In motorsport, you don't drive with your instinct, you drive from memory, with a lot of reference points". Not our words, but those of professional race driver Felipe Ortiz, and after a few hours spent with Race Driver: GRID, you'll realise just how right he is. In motorsport, the driver's mind has to be as mechanical as his chariot; that's why for every wacky funster like Juan Pablo Montoya that comes along, there's an army of Nigel Mansell drone-o-bots on stand-by.
To be a race driver, you have to be a machine. You have to know the tracks inside out. And then a little bit more. Lonely Friday mornings are spent circling a deserted race track. And when you crack under pressure, and your dreams crumple in tune with your nose-cone, you have to dust yourself off and get out there again. Motorsport is a true sport; it punishes mind and body in a way no other does.
And here, back on the Xbox, we have a problem, because repetition is the enemy of gameplay. While there's much to be said for the feeling of elation that comes with finally completing a tricky section, no-one wants to retread the previous five minutes beforehand. It's why checkpoints are so prevalent in games today; why many shooters allow you to save as and when you like. But those aren't practical solutions for a 'serious' racing game. So how can you maintain the player's resolve when just one shoddy corner can wreck a twenty-minute-long race? Race Driver: GRID has the answer: time travel.
Done yourself a mischief? Simply go into the replay menu, wind the clock back to any point from the last five seconds and restart from there. The first time you do this, you'll feel like Dr McCheato of Cheatington Village - after all, a moment ago, your engine was up your nose and on fire, and now you're once again trundling along the circuit in your pipe and slippers. But once you get into the thick end of things, you'll realise it's an essential crutch, a safety net to prevent you having to redo those previous three perfect laps because of one minor faux-pas.
And because you're only allocated a certain number of flashbacks per race, it's not like it's a decision to be made lightly. Can you recover from this situation without using up one of your 'lives'? You have around three seconds to decide before you reach the point of no return. We suppose if you don't have the time to memorise GRID's myriad of racetracks, you'll have to drive by instinct after all. Sorry, Felipe.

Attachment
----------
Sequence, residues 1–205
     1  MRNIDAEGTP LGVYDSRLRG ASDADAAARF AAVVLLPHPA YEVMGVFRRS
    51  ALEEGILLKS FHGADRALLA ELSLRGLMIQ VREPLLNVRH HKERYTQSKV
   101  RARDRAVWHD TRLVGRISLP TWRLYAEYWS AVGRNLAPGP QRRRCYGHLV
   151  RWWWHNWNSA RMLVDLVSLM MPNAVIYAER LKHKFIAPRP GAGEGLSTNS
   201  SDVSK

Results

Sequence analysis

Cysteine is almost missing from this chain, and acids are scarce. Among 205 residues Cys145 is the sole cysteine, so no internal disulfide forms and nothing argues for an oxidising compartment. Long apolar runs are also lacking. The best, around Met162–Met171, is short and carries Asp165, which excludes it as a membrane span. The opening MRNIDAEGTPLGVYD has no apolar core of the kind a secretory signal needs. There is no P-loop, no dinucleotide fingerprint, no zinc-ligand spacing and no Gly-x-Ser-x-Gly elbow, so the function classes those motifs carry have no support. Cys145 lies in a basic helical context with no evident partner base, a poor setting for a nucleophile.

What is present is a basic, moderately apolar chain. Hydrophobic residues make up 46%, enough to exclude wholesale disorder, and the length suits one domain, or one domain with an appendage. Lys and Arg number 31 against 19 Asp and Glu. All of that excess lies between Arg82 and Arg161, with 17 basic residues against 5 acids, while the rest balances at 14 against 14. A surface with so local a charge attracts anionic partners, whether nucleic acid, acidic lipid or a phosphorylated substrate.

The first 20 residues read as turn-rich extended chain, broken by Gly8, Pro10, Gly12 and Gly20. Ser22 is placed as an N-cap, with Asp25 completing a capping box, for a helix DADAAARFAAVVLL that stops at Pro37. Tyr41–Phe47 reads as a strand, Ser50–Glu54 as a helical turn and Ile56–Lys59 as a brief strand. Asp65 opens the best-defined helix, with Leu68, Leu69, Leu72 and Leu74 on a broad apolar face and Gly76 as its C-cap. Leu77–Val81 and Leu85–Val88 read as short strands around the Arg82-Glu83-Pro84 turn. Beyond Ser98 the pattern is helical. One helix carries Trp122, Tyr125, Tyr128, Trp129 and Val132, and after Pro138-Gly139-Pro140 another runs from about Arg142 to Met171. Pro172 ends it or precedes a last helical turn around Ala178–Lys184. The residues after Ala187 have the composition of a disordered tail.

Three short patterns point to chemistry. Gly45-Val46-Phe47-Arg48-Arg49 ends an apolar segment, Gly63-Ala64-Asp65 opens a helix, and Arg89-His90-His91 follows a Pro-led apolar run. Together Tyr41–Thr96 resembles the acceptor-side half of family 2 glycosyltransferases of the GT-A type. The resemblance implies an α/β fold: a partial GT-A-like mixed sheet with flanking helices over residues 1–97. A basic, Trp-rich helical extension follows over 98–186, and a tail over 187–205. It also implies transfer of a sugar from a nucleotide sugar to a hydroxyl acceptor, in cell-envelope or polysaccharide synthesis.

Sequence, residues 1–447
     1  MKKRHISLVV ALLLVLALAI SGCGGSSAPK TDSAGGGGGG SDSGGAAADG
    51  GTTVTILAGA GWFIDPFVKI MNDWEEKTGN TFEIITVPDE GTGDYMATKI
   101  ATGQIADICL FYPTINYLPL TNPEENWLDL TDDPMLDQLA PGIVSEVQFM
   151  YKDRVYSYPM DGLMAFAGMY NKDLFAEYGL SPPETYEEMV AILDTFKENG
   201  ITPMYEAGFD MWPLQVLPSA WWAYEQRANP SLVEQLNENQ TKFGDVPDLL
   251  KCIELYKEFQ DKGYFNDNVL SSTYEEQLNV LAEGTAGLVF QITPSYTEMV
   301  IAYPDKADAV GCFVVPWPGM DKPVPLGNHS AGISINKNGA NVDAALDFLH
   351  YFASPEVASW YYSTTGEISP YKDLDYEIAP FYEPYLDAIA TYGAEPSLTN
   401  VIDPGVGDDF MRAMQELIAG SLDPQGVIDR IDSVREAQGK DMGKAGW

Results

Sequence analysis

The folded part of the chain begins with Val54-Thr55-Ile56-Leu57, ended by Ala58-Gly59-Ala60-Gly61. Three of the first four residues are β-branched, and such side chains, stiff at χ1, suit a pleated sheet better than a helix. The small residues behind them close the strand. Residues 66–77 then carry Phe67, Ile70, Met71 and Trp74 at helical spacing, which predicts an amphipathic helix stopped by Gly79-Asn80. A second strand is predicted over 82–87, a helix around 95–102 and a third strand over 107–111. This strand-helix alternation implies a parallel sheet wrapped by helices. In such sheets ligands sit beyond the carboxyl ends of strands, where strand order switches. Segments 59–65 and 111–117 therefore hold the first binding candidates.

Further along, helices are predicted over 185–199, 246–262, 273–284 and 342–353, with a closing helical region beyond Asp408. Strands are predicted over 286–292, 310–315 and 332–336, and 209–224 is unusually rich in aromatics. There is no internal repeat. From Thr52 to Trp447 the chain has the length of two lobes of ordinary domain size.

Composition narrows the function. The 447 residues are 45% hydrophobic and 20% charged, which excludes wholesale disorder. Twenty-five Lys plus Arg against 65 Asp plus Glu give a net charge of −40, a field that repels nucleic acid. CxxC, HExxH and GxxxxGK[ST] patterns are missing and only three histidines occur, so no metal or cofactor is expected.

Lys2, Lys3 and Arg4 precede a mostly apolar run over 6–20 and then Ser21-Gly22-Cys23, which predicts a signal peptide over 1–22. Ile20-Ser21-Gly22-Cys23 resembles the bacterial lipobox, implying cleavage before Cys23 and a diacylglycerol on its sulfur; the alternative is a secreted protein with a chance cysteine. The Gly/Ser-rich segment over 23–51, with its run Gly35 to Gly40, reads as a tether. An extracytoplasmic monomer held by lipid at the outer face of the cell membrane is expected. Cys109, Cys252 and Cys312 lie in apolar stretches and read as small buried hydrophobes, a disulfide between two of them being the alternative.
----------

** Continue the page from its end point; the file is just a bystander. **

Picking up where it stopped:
Question: does the existence of this kind of lifeline sap the tension away from GRID's racing? Answer: only if you're a big fraidy-cat. To climb up the rankings and unlock new licenses and events, you have to earn 'respect points', achieved primarily by winning races and other challenges. You can increase the amount of respect points earned in a race by upping the challenge. Crank the opposition AI up a notch or two, and your lifelines will drop in correlation. Or you could just turn the lifeline option off altogether. Or turn off all your driving aids. Or fix the in-game camera inside the car, if you're mad.
All the while, you're competing against some of the most aggressive, most realistic racing opponents yet seen in any videogame (and, yes, we include Bowser and Donkey Kong in that). It's like your Xbox has finally got bored of you punching it in the face and shooting its limbs off over the last 30 months, and has decided that this time, you're going down, bitch. Tense? If you're not tense after all this, then you're clearly some manner of Nigel Mansell drone-o-bot, and we recommend you close the magazine before the gorgeous screenshots make you do a drool in your circuitry.
Compared to TOCA 3, GRID has scaled back the number of racing disciplines considerably (not such a bad thing, as the few that remain have been crafted with a renewed focus). Our favourite challenge is the engrossingly epic cat and mouse tussles known as the downhill togue races. The drift challenges are the crying girl in the bathroom that threatens to spoil the party - the PGR-style chain-drifting just doesn't suit GRID's game engine in our mind, but we've seen lots worse.
Our only other reservation is that perhaps the presentation is a wee bit dry throughout... but then again, motorsport has never been the most whimsical of subjects - just ask Mr Ortiz. Like its predecessors, GRID is a bewitchingly addictive racer, astounding in how much content it has to offer. You'll never get so much mileage for £40. With today's petrol prices, you can't afford not to.
Racing action as strong as the walls you'll get shunted into. Seriously good.
- Girlfriend-stealingly gorgeous
- Terrific sense of speed
- Exemplary level design